The first panel in this page depicts parts of William Blake´s painting "Ghost of a Flea". The same panel was used in Ch. 9 page 15. Eddie Campbell cut it off from that page and used it again here. The painting, one of Blake´s most famous, apparently shows the ghastly soul of a murderer. Alan Moore explains the significance for From Hell in an article in The Guardian newspaper 30.08.2019, written in connection with an upcoming Blake Exhibition in Tate Gallery:
"As imagined by the Lambeth angel whisperer, the threatening and somehow smug abomination is theatrical in its demeanour, consciously performing for the viewer. Glossed by Blake, the flea is the transposed soul of a murderer trapped in a form that, while both bloodthirsty and powerful, is too small to become a mighty engine of destruction. Thus condemned, it struts its miniature domain and makes a swaggering display of cruelties that it can no longer accomplish. With nothing save an acorn cap to represent its drinking bowl of blood, with nothing but a thorn to serve as improvised prison yard shiv, this former demon is demoted and no longer dangerous. In its fallen state, more mischievous than malefic now, the has-been homicidal maniac is almost poignant.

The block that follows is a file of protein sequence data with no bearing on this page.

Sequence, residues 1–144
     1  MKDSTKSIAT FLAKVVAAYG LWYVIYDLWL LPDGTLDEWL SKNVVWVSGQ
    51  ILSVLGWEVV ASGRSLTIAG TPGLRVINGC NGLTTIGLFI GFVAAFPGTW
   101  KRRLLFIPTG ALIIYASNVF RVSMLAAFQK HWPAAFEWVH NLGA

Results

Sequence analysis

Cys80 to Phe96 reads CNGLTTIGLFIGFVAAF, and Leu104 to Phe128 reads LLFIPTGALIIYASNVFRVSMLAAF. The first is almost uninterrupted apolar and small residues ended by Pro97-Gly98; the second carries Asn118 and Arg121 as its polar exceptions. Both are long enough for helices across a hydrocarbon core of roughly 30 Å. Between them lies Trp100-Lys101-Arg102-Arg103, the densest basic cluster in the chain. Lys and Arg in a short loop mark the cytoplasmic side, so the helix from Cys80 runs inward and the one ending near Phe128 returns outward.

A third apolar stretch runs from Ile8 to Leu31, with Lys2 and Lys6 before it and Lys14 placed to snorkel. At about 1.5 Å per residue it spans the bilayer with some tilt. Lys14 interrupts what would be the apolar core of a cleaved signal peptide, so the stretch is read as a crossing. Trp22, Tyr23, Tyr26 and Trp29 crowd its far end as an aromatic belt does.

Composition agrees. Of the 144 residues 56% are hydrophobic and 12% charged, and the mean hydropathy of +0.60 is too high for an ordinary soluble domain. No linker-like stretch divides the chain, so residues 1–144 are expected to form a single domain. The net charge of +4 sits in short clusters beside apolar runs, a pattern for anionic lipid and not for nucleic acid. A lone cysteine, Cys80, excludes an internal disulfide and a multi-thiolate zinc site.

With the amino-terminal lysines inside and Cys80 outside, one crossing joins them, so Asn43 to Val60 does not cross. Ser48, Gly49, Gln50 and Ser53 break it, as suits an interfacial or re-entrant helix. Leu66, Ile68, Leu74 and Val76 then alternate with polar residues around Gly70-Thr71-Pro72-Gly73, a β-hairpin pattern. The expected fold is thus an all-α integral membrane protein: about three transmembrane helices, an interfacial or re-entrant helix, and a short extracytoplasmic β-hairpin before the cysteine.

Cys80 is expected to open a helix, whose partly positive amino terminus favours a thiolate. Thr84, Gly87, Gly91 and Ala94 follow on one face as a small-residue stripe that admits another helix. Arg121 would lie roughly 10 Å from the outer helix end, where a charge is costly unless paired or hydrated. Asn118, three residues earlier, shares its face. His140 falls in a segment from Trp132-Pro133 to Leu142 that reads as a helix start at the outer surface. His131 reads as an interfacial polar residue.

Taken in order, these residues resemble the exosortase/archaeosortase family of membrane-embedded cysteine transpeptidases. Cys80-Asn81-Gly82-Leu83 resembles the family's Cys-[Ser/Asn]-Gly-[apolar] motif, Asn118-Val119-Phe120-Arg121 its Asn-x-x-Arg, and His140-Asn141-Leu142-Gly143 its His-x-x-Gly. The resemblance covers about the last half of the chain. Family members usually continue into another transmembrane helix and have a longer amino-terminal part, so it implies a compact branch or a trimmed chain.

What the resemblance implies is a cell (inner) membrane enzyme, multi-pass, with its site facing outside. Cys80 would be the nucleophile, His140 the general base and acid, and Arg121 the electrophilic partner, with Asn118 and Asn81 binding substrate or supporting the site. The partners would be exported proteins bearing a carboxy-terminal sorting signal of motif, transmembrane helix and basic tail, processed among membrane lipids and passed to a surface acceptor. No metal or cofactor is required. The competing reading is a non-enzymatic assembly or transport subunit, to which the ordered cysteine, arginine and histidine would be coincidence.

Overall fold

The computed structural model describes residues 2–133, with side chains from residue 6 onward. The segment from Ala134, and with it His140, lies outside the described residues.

Framed by threadbare curtains with a plunging star upon its painted backdrop, something in the monster’s owl-like stare and heavy posture led me to recruit it as a premonition of Sir William Withey Gull, the posited Jack the Ripper in From Hell, my work with Eddie Campbell."